Nov 16, 2006

Nuxalk: American Indian Rituals Featured

Native American Communities have been invited to share their stories and exhibits at a groundbreaking museum exhibition.

Below is an extract from article published by the International Information Programs of the US Department of State:

Washington – Invited to tell their own stories in a museum exhibit, one native tribal community, the Kwakwaka’wakw, recounts how the Canadian government banned their potlatches, or ceremonial feasts, from the 1880s to the 1950s, jailing those who defied the ban and confiscating their regalia and masks.

Yet another tribe, the Nuxalk, shows how, during the long years of the potlatch ban, people told the traditional stories at night in secret.

A groundbreaking exhibit is in its final months at the National Museum of the American Indian (NMAI) in Washington and remains a popular focus of interest and activity because it connects American Indians and native peoples today with the traditions of their ancestors.

Listening to Our Ancestors: The Art of Native Life along the North Pacific Coast brings together more than 400 artworks and everyday objects created by American Indians and native peoples from what is now Canada’s British Columbia, as well as Washington state and Alaska.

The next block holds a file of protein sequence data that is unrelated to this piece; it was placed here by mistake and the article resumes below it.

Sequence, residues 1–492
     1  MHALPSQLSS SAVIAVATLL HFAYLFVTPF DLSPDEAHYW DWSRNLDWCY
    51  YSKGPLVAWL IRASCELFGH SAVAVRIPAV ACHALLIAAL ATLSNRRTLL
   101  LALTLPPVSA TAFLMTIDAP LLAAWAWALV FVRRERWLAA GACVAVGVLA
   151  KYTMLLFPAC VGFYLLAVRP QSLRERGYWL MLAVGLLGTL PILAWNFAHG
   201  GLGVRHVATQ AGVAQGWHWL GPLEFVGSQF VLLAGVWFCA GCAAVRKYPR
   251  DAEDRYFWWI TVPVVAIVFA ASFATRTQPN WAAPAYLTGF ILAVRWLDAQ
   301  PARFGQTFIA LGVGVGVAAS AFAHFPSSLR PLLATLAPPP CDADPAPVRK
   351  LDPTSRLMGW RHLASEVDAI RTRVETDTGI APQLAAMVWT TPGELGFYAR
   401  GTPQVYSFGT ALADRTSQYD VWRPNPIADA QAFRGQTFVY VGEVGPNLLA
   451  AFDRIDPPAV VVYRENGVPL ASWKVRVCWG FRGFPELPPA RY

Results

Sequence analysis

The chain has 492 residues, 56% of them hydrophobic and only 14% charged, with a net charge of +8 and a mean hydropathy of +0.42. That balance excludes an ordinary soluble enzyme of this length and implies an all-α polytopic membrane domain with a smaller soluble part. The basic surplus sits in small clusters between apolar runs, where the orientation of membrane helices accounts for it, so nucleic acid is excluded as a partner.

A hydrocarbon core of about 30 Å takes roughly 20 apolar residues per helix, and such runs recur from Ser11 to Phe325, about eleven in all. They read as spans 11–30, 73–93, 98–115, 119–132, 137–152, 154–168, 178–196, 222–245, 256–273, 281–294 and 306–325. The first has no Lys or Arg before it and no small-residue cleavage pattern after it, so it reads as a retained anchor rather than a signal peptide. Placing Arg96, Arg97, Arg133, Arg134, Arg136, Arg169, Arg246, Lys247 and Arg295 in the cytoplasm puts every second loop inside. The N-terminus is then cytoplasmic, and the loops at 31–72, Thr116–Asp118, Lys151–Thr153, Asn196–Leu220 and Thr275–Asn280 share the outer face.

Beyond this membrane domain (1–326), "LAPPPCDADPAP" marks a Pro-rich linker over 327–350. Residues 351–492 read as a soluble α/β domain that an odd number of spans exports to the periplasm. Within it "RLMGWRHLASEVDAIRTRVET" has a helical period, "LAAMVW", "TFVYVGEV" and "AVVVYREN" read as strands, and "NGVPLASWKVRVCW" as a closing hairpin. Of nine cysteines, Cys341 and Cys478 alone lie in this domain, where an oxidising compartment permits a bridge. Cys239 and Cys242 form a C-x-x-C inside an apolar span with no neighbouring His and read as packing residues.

“Our way of being, our view of the world in all its depth and complexity, continues to define us,” say members of the Tsimshian nation. “The ceremonial objects used yesterday and today are only separated by time; they still hold the heart of the people within them.”

What is so special about Listening to Our Ancestors is that members of each of the 11 native groups whose culture is represented worked with museum staff as “curators,” deciding which objects to display and how to present them. This unique approach is a natural outcome of the views of NMAI Director W. Richard West Jr., himself a member of the Southern Cheyenne tribe, who wrote in the exhibition guide that he believes NMAI staff members are stewards of a collection that is owned by the cultural communities the museum represents.


The 11 nations represented are the Coast Salish, Makah, Nuu-chah-nulth, Kwakwaka’wakw, Heiltsuk, Nuxalk, Tsimshian, Gitxsan, Nisga’a, Haida and Tlingit.

The tribal members provide a vital perspective on the deeper meaning the objects hold and describe how much they remain an essential part of the spiritual lives of these peoples. As a result, exhibition objects are accompanied by contemporary interpretations by American Indians and native peoples connecting them to the voices of their ancestors.


There are dance performances, art demonstrations and storytelling in conjunction with Listening to Our Ancestors. For those who are unable to travel to Washington to visit the museum, there is an online companion exhibition with photos of the exhibits arranged by tribal community. The section on the Kwakwaka’wakw, for example, matches exhibit items with explanations of the tribe’s birth and puberty customs, origin stories, peace dances and Red Cedar Bark ceremonies.

Listening to Our Ancestors remains on display until January 2, 2007. The online exhibition is available on the NMAI Web-Site.